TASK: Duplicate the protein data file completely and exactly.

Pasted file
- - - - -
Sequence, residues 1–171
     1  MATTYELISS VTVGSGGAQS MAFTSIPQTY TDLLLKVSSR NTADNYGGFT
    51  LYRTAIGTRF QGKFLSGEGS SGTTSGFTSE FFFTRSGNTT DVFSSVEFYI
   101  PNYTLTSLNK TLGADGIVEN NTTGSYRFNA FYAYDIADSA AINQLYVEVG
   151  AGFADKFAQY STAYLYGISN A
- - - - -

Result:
Sequence, residues 1–171
     1  MATTYELISS VTVGSGGAQS MAFTSIPQTY TDLLLKVSSR NTADNYGGFT
    51  LYRTAIGTRF QGKFLSGEGS SGTTSGFTSE FFFTRSGNTT DVFSSVEFYI
   101  PNYTLTSLNK TLGADGIVEN NTTGSYRFNA FYAYDIADSA AINQLYVEVG
   151  AGFADKFAQY STAYLYGISN A